Wade Boggs’ performance is more than good enough to be judged on its own merits. Judging Boggs by the company he keeps flatters him, too.
Boggs can be linked to some of baseball’s greatest performers, including Ted Williams, Brooks Robinson, George Brett, Tony Gwynn, Rogers Hornsby, Ty Cobb, Ichiro Suzuki and Rod Carew.
Here are 10 events or accomplishments from Boggs’ career that demonstrate his value as a pure hitter:
1. Crown him
With five career batting titles, Boggs broke Bill Madlock’s record of four by a third baseman. Boggs, Gwynn, Cobb, Hornsby and Carew are the only players who have won as many as four consecutive batting championships.
2. First at Fenway
Boggs’ career batting average of .369 at Boston’s Fenway Park is the best in history. The great Williams ranks second at .361.
3. More than a singular hitter
Boggs is the only player in history to have recorded four consecutive seasons with at least 200 hits and 100 walks. He also twice compiled at least 150 singles, 50 extra-base hits and 100 walks (1986: 150, 57, 105; 1988: 158, 56, 125). No other player assembled this statistical combination even once.
4. Beginners' (bad) luck
With 381 plate appearances, Boggs came 121 short of qualifying for the AL batting title as a Red Sox rookie. His .349 average would have been more than enough to outdo Kansas City’s Willie Wilson, the official leader at .332.
5. Helpful homers
Boggs, Gwynn, Carew and Lou Brock are the only players to amass at least 3,000 hits and fewer than 160 homers while finishing their careers after World War II. Yet Boggs delivered a couple of well-timed long balls. He was the first player to record a homer as his 3,000th career hit, doing so on Aug. 7, 1999. Boggs became the 23rd player to reach that coveted plateau. He also hit the Tampa Bay franchise’s first home run in its history, connecting in the sixth inning of its inaugural game on March 31 that season. That was fitting, since Boggs was the first native of the Tampa Bay area to play for the club.
6. Midsummer regular
Only Robinson (15 years) and Brett (13 years) have more consecutive All-Star appearances at third base than Boggs’ 12 (1985-96). Boggs hit safely in eight of those games, compiling a .321 batting average (9-for-28).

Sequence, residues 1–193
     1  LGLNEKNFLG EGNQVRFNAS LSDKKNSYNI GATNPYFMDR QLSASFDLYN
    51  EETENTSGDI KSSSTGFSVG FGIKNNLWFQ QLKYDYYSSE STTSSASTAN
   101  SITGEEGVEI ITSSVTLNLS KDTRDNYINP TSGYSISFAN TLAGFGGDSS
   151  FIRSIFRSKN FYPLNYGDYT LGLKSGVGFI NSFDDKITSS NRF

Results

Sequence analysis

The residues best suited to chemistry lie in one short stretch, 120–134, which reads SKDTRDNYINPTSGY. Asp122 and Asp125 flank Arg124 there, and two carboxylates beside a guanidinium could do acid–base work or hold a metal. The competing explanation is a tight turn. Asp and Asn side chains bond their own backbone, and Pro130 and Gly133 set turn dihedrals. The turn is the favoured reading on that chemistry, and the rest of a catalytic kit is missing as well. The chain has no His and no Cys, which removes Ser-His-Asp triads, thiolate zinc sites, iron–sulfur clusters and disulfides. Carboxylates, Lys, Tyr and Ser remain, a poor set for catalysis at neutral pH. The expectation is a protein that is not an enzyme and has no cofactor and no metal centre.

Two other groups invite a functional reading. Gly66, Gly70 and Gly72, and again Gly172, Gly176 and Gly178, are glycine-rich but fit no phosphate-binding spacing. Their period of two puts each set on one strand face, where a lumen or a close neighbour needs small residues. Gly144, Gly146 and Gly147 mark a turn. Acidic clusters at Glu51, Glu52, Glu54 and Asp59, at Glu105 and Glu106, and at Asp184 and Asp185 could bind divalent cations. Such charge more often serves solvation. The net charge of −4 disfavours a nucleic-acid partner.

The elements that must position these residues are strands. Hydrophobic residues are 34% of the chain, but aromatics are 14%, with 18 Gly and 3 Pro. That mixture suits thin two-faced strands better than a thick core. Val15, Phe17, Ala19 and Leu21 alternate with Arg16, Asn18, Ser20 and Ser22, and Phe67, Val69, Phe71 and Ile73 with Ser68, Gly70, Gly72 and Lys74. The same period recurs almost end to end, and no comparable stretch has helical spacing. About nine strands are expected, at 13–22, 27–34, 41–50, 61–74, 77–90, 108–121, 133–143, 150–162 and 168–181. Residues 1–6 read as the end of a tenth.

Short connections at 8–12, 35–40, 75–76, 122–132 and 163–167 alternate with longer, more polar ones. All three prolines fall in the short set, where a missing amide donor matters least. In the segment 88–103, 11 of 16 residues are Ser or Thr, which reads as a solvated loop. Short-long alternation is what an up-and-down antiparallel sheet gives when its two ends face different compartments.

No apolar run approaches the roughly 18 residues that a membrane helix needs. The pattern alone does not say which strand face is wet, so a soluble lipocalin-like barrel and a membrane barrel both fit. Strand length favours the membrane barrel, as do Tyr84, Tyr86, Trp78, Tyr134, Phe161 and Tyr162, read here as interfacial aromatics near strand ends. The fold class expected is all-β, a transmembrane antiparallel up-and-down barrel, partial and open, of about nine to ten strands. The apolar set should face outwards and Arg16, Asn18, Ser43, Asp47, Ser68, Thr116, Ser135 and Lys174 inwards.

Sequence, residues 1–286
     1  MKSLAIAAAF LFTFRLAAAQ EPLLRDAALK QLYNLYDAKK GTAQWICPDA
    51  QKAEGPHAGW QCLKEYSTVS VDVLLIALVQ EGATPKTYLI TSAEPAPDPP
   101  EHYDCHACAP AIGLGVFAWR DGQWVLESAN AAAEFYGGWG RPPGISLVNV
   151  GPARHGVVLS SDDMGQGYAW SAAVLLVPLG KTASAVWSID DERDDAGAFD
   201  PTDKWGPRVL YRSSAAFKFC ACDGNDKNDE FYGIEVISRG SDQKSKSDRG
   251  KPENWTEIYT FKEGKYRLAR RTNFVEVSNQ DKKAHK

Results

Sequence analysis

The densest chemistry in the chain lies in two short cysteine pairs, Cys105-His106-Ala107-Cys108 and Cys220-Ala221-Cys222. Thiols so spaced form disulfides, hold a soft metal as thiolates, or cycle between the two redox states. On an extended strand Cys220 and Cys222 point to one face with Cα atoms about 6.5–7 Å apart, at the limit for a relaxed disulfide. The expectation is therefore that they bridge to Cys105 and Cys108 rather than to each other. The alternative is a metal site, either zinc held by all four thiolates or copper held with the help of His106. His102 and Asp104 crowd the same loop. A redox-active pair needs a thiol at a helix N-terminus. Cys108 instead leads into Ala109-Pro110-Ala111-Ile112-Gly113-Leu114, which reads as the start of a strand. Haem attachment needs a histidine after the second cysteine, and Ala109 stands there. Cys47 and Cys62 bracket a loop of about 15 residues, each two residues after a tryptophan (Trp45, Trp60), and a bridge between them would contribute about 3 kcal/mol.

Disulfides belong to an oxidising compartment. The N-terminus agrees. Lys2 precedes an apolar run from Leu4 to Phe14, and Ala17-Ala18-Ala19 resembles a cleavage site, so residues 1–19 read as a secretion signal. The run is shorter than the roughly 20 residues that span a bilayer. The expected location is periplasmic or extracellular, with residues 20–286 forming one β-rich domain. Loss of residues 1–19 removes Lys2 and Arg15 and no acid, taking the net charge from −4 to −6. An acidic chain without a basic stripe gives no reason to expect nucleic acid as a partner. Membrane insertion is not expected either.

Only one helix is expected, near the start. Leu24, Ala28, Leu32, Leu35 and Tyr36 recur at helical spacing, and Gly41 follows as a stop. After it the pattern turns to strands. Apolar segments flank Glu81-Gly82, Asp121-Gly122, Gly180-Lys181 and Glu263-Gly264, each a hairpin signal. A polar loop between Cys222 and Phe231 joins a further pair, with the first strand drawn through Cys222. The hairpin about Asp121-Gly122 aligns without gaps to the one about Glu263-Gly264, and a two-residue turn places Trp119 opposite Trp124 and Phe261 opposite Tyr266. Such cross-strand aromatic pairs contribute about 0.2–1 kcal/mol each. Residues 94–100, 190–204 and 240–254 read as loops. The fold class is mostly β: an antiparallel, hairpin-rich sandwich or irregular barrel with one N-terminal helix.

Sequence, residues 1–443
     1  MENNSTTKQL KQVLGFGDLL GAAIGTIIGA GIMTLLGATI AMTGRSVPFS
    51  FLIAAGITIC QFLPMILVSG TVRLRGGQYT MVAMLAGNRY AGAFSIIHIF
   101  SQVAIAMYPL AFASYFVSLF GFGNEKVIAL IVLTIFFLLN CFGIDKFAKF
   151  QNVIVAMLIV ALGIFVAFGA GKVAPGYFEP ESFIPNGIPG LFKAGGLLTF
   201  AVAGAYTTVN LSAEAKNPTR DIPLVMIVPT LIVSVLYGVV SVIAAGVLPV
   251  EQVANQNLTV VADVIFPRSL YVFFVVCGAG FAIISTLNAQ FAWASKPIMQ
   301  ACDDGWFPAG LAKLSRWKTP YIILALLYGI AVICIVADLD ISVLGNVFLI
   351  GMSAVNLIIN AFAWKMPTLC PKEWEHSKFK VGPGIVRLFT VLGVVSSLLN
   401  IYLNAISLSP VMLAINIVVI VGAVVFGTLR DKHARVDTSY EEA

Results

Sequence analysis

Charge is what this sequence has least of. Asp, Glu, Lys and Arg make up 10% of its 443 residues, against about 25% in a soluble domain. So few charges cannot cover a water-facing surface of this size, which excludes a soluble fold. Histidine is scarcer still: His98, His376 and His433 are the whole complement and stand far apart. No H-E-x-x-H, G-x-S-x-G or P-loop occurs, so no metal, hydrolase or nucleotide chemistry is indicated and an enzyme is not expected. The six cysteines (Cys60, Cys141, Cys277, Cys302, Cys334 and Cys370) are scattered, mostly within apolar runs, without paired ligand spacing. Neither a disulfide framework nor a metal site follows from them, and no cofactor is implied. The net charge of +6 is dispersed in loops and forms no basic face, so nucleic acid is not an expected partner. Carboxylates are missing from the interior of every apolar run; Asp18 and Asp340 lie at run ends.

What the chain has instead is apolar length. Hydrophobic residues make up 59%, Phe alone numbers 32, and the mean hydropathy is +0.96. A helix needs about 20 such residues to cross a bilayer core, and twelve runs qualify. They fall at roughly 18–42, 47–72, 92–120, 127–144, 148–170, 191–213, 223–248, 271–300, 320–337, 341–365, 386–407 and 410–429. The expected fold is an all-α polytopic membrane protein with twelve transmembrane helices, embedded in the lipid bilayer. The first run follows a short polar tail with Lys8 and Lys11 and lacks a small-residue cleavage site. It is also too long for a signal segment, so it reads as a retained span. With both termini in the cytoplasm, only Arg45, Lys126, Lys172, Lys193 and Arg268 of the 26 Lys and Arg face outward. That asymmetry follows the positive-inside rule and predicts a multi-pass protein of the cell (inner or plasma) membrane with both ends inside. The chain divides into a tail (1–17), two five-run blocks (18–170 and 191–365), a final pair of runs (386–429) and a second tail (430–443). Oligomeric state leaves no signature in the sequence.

7. Very superstitious
To say that Boggs was a creature of habit is an understatement. He reportedly awoke at the same time each day and devoured chicken for every pregame meal. Before night games, time permitting, he ran sprints at 7:17 p.m. He used his bat to scrawl the Hebrew word "Chai" (meaning "life") in the batter's box before each at-bat, though he is not Jewish.
8. MVP mystery
Boggs was at his best during this five-year stretch. His WAR exceeded 8.0 each season, and he led the AL in at least one significant offensive category annually. Yet he never ranked higher than fourth in Most Valuable Player balloting. Voters likely downgraded Boggs due to his modest production numbers. He averaged 10 homers and 70 RBIs in this span, which may have tarnished his averages of .357 (batting), 213 hits, 113 runs and 45 doubles.
9. The Boggs-Gwynn connection
Remarkably, Boggs and Gwynn each appeared in 2,440 Major League games (Boggs logged an outing in which he pitched but did not bat). With a .338 career average and eight batting titles, Gwynn had a clear edge on Boggs (.328, five batting championships). However, Boggs bested Gwynn in runs scored (1,513-1,383) and on-base percentage (.415-.388). Gwynn recorded a career 132 OPS+; Boggs’ was 131.
10. Collect 200 hits; rinse and repeat
Boggs found a groove in this span by totaling 200 hits or more annually. He became the first player to achieve this for seven years in a row since Willie “Hit ‘em where they ain’t” Keeler did it for eight consecutive years (1894-1901). Between Keeler and Boggs, the only player with as many as five such seasons in a row was Detroit’s Charlie “The Mechanical Man” Gehringer (1933-1937). Ichiro left everybody in his wake by recording 10 consecutive 200-hit seasons (2001-10).